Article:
He said bail pending appeal could only be invoked after a notice of appeal has been successfully filed in accordance with section 332 of the penal code.

Magistrate Simusamba noted that the notice of appeal was filed before he could conclude delivering his judgment and sentence, which was contrary to the demands of section 321 of the CPC.

He said this was evidenced in both the grounds of appeal in the notice of appeal and the affidavit in support of summons for admission to bail pending appeal both filed on October 14.

“In the grounds of appeal, the convict (Kambwili) at ground 6 states that more grounds to follow upon perusal of judgment, meaning that at the time he was making the grounds of appeal, he had not perused the judgment or was simply not paying attention when it was simply being read out to him,” magistrate Simusamba said. “It is a strict requirement that the appellant signs the notice of appeal. One wonders at what point he signed the appeal for it purports to have been signed by him when he clearly had no such opportunity as he was listening to his judgment from the dock.”

Magistrate Simusamba said what was more shocking was the evidence in the affidavit in support of summons for admission to bail pending appeal where Kambwili said that on October 12 he was convicted by the court on the offenses of forgery and uttering a false document and he was currently in detention and Lusaka Central Correctional facility.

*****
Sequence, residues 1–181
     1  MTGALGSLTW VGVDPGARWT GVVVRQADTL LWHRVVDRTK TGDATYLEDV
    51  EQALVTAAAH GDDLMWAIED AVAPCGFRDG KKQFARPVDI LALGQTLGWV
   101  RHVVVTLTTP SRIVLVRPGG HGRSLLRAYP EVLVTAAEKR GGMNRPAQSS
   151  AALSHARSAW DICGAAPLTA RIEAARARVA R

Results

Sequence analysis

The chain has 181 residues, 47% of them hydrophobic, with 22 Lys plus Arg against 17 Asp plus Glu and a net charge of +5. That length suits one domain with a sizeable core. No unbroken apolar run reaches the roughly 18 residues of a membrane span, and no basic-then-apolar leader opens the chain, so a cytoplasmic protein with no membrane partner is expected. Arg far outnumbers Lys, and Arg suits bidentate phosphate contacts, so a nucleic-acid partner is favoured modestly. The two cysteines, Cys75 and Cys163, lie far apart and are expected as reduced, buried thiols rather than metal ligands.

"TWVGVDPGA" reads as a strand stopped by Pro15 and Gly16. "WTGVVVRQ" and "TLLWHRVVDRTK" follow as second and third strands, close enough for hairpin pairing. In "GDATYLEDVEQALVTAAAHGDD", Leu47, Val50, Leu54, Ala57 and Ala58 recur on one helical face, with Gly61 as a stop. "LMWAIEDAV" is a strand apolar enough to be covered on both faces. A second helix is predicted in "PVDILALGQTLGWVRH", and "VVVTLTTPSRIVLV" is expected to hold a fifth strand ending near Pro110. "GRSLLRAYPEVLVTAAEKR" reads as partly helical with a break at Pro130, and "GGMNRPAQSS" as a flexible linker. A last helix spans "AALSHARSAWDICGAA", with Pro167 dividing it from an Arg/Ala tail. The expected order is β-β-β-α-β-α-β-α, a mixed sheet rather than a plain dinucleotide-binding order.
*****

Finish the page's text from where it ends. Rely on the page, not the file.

“Any person who has been following the proceedings would be gripped with shock, the date cited in the affidavit is October 12, 2020 which was initially set for judgment and later postponed to October 14,” said magistrate Simusamba.

He said what was most shocking was that Kambwili had appealed his acquittal on a charge of giving false information to a public officer despite having denied the charge during plea and throughout the proceedings.

“This is quite unprecedented in my 13 years of experience on the bench and I have never come across literature to that effect. The convict in his affidavit purports to have been detained at Lusaka Central Correctional facility when he was in fact in court on that day and not yet been committed to the said facility (Chimbokaila),” magistrate Simusamba said. “My interpretation to these unusual facts is that the notice of appeal was filed in court way before I could finish delivering my judgment and sentence in the case contrary to section 321 and 323 of the CPC and therefore irregular.”

Magistrate Simusamba ruled that owing to notice of appeal being irregular, there was no notice of appeal at all and consequently Kambwili could not invoke section 332 of CPC by applying for bail pending appeal without complying with sections 321 and 323 of CPC cap 88 of Laws of Zambia.

“I shall therefore not entertain any application for bail until such a time as the appeal procedure enshrined in the CPC is fully complied with. The convict will continue serving his sentence until further order of court or completion of the sentence,” said magistrate Simusamba.

Meanwhile, Kambwili’s lawyers have submitted a fresh application, which magistrate Simusamba would hear on Monday.